THE BLOG

The Silent Minority

02/16/2015 10:58 pm ET | Updated Apr 18, 2015

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America's largest ethnic group has assimilated so well that people barely notice it. So ran a headline in The Economist (Feb 7). Those of us who sight and study and report on ethnic groups are also busy studying their role in religion in American public life.

Of course, everyone knows about whom, in this case, we are reporting. Ask the politicians, the media leaders, and the pollsters about them. First, of course, are the African-Americans (41 million as of 2011) who topped the Irish-Americans (35 million), followed by Mexican-Americans (32 million). Let's toss in the English, an historic stock, with 26 million. Don't forget others in the top ten, among them the Italians, the Poles, and more.

Oh-oh! We forgot the Germans, who are Number One in "ancestry group population," with 49 million.

Who noticed and who notices them? The Economist did and does, because of the visit last week of German Chancellor Angela Merkel. Her headline in the Wall Street Journal (Feb 14-15) read "Crises in Ukraine, Greece Test Merkel's Influence, Stamina."

The polls tell us that Merkel may be "the most important woman in the world," but her picture, with France's President François Hollande, was buried in a corner of page 7.

The press has noticed that Germany has noticed crisis-level and "toxic" mistrust and anger among Germans over spying allegations involving the U.S. at a time when "free trade" talks are crucial. "Ami Go Home" is the new "Anti-Americanism, [which was] always strong on the German left, [now] beginning on the right."

While the polls debate their issues, let's use the Merkel visit to read The Economist's conjoined stories about Germans in America as the silent minority.

The news stories talked about how "inert" stories about Germans in America are. There is reason to ponder why those of the German-Reformed, German-Lutheran, and German-Catholic cohorts are not more "-ert."

German-American theologians like the Niebuhr brothers towered in the century past. Culturally, musicians like the so-often-performed Bach also resound under steeples.

(An aside: The "Marti" family is a Swiss-German clan to hundreds of Germans in our personal tribe. But "we" assimilated, along with the rest. We counted 29 (!) uncles and aunts and their spouses in our parents' generation, but cannot recall any of them or our grandparents visiting Germany or Switzerland, or communicating with "the old country." Ever. Compare them to Italian-Americans and others who kept close ties.)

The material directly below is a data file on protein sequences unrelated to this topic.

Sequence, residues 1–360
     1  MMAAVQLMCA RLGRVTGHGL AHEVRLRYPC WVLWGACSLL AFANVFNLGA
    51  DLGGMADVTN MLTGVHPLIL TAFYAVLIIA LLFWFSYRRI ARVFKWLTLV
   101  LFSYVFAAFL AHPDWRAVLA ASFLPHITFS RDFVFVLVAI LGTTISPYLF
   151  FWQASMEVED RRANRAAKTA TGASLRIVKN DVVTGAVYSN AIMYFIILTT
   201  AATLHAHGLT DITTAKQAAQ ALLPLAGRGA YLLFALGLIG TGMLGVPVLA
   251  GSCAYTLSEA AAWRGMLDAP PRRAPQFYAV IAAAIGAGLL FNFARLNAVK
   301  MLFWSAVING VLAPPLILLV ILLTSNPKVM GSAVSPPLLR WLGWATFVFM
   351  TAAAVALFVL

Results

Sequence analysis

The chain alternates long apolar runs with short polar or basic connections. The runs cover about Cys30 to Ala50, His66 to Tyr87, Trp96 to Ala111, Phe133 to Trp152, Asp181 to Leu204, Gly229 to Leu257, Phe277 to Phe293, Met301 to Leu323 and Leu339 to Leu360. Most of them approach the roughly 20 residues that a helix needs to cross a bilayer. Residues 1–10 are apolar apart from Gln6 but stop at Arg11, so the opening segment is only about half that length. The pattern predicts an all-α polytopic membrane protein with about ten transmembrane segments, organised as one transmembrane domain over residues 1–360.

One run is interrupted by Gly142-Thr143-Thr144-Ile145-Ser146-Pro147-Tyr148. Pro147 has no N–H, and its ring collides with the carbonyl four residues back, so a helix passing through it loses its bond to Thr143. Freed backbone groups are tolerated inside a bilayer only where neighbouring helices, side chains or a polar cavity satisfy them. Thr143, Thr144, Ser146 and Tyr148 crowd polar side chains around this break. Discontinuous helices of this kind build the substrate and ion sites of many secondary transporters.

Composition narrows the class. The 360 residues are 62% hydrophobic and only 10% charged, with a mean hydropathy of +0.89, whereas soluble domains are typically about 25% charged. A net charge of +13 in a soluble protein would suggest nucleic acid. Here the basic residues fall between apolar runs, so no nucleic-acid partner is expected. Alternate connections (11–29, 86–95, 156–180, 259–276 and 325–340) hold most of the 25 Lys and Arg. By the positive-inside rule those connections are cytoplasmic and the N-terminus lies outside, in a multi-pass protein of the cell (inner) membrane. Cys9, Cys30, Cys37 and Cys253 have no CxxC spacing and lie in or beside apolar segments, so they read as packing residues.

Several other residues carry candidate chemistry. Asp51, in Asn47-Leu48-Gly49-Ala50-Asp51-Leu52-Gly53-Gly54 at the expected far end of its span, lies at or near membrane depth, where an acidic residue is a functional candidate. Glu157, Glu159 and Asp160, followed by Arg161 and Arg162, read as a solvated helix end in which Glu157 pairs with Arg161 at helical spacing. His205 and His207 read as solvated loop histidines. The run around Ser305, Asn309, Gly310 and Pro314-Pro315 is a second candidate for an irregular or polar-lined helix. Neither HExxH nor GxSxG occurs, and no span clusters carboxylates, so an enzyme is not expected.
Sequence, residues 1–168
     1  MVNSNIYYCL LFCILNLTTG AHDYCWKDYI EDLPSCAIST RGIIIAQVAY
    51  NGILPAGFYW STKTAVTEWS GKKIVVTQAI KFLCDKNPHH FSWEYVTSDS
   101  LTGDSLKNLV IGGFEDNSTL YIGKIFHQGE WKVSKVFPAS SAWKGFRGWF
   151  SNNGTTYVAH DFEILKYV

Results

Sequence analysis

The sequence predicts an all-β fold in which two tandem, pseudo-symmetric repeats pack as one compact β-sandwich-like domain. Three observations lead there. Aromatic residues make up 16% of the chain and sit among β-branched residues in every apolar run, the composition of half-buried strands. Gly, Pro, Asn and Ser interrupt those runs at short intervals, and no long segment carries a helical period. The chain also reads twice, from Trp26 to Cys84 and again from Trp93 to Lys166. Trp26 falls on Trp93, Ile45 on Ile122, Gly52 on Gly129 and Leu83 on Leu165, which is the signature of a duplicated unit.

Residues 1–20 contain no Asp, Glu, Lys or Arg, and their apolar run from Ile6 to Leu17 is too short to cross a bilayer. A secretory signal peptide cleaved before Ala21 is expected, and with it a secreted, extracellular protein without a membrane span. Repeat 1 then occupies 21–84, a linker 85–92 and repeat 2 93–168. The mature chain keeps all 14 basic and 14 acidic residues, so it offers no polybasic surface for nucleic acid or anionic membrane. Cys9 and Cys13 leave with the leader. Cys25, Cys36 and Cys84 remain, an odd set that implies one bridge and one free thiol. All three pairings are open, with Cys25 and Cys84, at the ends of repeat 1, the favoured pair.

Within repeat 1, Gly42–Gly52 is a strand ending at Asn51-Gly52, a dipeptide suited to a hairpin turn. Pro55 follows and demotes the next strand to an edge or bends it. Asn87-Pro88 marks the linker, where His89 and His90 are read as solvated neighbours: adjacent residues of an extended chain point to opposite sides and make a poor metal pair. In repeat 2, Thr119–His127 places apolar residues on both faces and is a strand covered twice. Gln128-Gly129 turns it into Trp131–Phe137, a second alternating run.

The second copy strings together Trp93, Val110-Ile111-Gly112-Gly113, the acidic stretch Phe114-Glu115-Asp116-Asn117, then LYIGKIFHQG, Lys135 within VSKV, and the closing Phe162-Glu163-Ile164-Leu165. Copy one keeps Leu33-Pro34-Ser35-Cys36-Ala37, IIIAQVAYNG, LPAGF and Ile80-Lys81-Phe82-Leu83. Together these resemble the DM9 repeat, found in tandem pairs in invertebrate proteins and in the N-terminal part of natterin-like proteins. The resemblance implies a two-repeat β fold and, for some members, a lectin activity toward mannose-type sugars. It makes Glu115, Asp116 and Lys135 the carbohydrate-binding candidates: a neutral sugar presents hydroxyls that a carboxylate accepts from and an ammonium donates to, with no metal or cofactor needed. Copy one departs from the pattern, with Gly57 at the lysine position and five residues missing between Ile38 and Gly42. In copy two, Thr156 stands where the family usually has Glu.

What happened? First, World War I, when for a year German-Americans were suspect, as we fought "the Huns." But soon, after suffering, they turned super-patriotic. World War II found the U.S. fighting Germany in its abhorrent Nazi incarnation, when most German-Americans were again in the super-patriotic front.

But those "enemy" events led many to disguise or drop or render "inert" mention of their roots. The Economist mentions the names of the assimilated Pfizer, Boeing, Steinway, Levi-Strauss, and Heinz. These were not singled out ethnically as were figures like Dukakis and Cuomo and Kennedy, who were very visibly Greek- and Italian- and Irish- Americans.

Germans, says The Economist, imported Christmas trees and Easter bunnies and pretzels. "They built big Lutheran churches wherever they went." Assimilation has great significance in American religious history, as in politics.

The Economist, reporting on the Merkel-Obama (etc.) visits and events: "Unlike Indian-Americans, who went wild when [Narendra Modi] their new prime minister visited America, German-Americans will barely notice."

We are told that Chancellor Merkel is the daughter of a Lutheran minister and is herself Lutheran. But so far as we know, the German-Americans joined Scandinavian- and other Lutherans, plus German-American Catholics, who, again for many reasons, "inertly" "barely noticed."

U.S. Census Bureau. "Ancestry: 2000." Census 2000 Brief. Issued June 2004, U.S. Department of Commerce Economics and Statics Administration.

Carberry, Maegan. "This Map Shows Which Ethnicities Have The Largest Ancestry in U.S. Counties." Upworthy: Things That Matter. Pass 'Em On. Accessed February 14, 2015, Diversity and Equality.

"Ami Go Home: Anti-Americanism, always strong on the German left, is growing on the right." The Economist, February 7, 2015, Germany and America.

Image: German immigrants boarding ship bound for the US (late 19th Century); Credit: German Traces NYC creative commons.

This post originally appeared in Sightings, an online publication of the Martin Marty Center for the Advanced Study of Religion, University of Chicago Divinity School.

NOTE: This article is not available for republication without the consent of Sightings. Please contact the Managing Editor, Myriam Renaud, at DivSightings@gmail.com.